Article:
While I am sure the Church of Scotland appreciates the support of your editorial (22 May) it is, in fact, still the case that the Church does and should restrict being a minister to “only some categories of people”.
Not everyone has the right to become a minister. It should be self-evident that someone who is called to be a “minister of word and sacrament” should be someone who actually believes the word (the Bible) they are supposed to be teaching.
And therein lies the nub of the issue.
The concern is not with homosexuality but whether the Church is to be governed by the word of God, or the passing fashions of the age.
The old adage remains true –she who marries the spirit of the age will be a widow in the next.
David A Robertson
St Peter’s Free Church
St Peter Street
Rev Dr John Cameron is wrong to suggest that the current controversy in the Church of Scotland over the appointment of ministers who engage in homosexual sex is about the right of congregations to choose their own minister.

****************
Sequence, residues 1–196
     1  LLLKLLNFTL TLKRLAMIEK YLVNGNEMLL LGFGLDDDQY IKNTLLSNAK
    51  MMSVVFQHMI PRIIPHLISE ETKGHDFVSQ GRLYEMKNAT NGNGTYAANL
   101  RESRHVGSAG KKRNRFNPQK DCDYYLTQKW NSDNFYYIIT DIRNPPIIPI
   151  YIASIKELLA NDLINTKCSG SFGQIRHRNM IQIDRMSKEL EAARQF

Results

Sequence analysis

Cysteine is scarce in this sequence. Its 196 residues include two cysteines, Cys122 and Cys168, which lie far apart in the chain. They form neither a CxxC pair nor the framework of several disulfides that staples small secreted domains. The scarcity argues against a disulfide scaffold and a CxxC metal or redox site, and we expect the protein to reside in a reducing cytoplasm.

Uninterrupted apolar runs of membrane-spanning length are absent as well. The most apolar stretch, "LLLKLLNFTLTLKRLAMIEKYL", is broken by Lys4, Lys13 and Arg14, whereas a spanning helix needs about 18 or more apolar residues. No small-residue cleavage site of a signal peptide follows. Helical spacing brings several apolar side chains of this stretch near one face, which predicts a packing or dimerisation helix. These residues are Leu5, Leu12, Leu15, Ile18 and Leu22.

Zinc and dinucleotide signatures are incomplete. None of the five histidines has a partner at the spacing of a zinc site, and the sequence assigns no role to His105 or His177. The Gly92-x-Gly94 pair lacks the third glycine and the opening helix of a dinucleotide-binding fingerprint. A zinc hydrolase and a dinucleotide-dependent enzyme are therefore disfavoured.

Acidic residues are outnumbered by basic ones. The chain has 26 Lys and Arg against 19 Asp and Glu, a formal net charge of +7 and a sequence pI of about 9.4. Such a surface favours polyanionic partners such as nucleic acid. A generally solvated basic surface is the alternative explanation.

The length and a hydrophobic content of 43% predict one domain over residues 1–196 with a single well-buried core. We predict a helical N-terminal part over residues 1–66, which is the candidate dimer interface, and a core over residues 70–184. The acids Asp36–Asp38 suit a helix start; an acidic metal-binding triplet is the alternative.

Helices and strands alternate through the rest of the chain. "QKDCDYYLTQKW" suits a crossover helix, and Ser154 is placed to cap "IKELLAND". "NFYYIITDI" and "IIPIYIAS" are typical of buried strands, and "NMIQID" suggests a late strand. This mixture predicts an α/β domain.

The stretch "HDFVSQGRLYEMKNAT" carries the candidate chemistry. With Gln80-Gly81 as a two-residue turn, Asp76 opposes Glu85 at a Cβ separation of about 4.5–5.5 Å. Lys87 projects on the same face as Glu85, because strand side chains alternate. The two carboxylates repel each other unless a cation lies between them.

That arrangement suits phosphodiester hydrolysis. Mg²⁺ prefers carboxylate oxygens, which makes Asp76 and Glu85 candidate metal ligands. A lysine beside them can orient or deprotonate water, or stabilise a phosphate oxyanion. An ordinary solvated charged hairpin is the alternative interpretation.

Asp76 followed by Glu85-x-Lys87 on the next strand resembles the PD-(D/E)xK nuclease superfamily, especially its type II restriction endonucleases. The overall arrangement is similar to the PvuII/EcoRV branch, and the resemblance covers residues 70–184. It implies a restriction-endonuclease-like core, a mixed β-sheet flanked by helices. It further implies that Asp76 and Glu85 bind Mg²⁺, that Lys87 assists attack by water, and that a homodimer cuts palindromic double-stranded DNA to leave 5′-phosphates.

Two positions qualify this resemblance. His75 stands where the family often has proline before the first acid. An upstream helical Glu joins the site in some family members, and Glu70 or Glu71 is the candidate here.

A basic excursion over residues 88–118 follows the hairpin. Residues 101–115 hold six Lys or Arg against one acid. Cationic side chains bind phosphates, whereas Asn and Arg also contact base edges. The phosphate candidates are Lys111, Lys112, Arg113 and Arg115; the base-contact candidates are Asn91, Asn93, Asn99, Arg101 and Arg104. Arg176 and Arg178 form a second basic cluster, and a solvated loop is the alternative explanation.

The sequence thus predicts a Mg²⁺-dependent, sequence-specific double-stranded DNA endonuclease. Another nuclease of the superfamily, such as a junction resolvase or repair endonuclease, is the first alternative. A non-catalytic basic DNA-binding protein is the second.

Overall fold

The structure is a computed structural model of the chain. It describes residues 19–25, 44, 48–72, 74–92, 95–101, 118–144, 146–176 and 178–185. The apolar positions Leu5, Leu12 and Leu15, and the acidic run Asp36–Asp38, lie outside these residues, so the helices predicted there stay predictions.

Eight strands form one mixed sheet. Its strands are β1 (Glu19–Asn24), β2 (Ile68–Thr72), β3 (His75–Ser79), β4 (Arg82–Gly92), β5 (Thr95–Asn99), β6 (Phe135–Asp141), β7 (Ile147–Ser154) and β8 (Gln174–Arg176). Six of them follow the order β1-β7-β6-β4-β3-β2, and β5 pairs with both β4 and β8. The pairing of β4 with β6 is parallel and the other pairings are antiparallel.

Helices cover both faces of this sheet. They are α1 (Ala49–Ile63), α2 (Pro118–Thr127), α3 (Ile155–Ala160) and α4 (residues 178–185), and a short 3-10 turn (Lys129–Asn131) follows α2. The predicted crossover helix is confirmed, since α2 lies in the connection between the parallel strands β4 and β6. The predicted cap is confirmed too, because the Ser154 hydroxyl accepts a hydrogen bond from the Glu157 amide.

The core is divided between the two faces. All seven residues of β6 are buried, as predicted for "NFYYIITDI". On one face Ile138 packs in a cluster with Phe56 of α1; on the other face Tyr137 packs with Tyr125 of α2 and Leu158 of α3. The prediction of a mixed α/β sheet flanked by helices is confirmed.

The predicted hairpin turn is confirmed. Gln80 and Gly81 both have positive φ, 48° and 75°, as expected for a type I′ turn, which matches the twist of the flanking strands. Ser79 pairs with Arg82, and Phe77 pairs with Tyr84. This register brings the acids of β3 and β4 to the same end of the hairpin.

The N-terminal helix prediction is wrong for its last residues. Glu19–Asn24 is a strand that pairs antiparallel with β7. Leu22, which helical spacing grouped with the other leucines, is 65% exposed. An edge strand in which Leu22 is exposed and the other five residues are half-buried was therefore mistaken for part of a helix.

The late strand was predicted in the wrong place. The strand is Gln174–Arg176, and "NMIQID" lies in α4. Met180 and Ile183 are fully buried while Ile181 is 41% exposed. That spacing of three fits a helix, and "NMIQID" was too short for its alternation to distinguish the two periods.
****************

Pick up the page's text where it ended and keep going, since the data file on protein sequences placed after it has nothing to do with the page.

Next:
It is about the Church making an implied official and public statement to the effect that homosexual sexual activity is morally permissible, in contradiction of the teaching of the universal church through the centuries and the clear instructions in the Bible.
As we now hear calls from within the Kirk to endorse same-sex “marriage”, I might be approaching the stage, despite the many faithful Christians still within its congregations, of refering to the institution as the “Church” of Scotland.